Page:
Thursday, December 5, 2013

Nelson Mandela is dead.

Nelson Mandela is dead. I doubt that nay nation can lay claim to a former leader who has had the same impact on the birth of a nation in quite the same way this incredible man had. I search though the history of my own country, New Zealand, and I cannot come up with anyone approaching his status.
If it was not for his magnanimous manner, I am pretty sure that the transition from the old oppressive Apartheid regime would have been far more problematic. What could have been a tumultuous time, was instead one of ‘forgiveness’ and ‘rebuilding.’ What could have been a time of hopelessness, transitioned into an era of hope.
When he became President, Mandela could have launched a bitter period of ‘payback and violence’ against the former leaders but he chose not to. Instead, he embarked on a nation building process that was inclusive; one that acknowledged the ‘truth of the past,’ but also looked forwards to a brighter future, for all South Africans. If his vision fails, it will not be because of any failing on his part, but totally with those he left the reigns to.
Yes, South Africa has a long way to go before the inequalities of the past are healed and for all South Africans to be able to take part in all aspects of the economy and political structures. Mandela has left behind a nation that clearly shines as one in Africa that has a good chance to achieve the goals that so many other nations aspire to. There are ‘warts’ and processes that have yet to worked through or corrected, but he helped to lay the basis that is so essential for his dream of a Rainbow Nation’ to take its place in the world. It is up to his successors to make it happen. They must put aside those tendencies that have derailed so many other dreams. ‘Father,’ you will be so sadly missed, but now it is your ‘rest time.’

Christmas reading---check out 'ROSKILL' on Kindle.

The Xmas Holidays (and yes, we still say Merry Xmas in New Zealand!) are about to descend upon us and some of you will actually have some time to put your feet up and stick your head in a good book. Well, may I suggest that you consider ROSKILL, my first book to go on Kindle? If you like a fast moving, topical, funny, yet serious at times story, then maybe ROSKILL is for you.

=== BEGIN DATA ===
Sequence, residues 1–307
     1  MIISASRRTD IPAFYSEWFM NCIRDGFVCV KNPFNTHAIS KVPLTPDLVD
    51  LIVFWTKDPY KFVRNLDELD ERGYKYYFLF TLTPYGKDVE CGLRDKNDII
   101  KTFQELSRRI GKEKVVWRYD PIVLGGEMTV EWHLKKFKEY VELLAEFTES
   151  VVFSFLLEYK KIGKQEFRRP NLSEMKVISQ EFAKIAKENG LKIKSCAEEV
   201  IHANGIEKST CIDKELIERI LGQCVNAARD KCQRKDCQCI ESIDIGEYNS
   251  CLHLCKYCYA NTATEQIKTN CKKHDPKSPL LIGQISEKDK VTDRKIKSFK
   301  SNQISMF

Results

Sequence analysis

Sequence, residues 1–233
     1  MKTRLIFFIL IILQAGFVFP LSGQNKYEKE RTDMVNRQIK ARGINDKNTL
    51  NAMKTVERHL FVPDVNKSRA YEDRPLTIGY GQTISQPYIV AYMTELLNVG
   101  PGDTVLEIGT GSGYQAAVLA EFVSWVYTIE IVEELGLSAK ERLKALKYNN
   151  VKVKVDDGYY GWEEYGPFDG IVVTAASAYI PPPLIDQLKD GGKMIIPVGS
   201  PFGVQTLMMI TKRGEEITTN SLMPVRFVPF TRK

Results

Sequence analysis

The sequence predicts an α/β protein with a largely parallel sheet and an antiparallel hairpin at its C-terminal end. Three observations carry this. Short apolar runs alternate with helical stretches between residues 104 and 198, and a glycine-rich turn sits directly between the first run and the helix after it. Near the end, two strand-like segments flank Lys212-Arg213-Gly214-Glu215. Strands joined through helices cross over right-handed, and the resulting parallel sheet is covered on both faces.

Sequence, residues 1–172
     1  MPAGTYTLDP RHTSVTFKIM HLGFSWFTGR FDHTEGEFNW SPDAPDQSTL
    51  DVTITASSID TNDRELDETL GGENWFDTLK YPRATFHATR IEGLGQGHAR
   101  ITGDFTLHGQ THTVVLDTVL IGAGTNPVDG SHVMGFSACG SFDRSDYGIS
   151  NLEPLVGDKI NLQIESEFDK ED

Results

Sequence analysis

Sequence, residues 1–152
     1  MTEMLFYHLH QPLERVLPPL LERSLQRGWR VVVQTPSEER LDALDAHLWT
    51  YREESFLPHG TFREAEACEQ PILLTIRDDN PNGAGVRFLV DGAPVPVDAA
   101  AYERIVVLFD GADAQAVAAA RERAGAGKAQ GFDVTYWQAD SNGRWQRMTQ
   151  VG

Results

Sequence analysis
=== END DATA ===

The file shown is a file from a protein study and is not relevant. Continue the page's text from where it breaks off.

Imagine leaving behind a life in a city you grew up in, picking up a new job and then---there is your family to consider. Your partner has always been there for you, but in the new city, things start going very wrong. If your partner ‘changes’ and your children start to drift into dangerous new ‘worlds,’ what would you do? Will anyone help?
Read ROSKILL and find out what could easily happen to any family in any city---anywhere. ROSKILL is a story that every teenager should read and parents too.
HOW?  You can visit my website and download the Kindle version. Haven’t got a Kindle? NO problem! --- Just click on the reading App or buy one through the link. Please do a review of you download and read ROSKILL and pass on the link to your friends and contacts.  
Now, go and click on my website and start downloading ROSKILL.

Auckland needs more apartments and shopping malls? Head out, south and to the rest of NZ!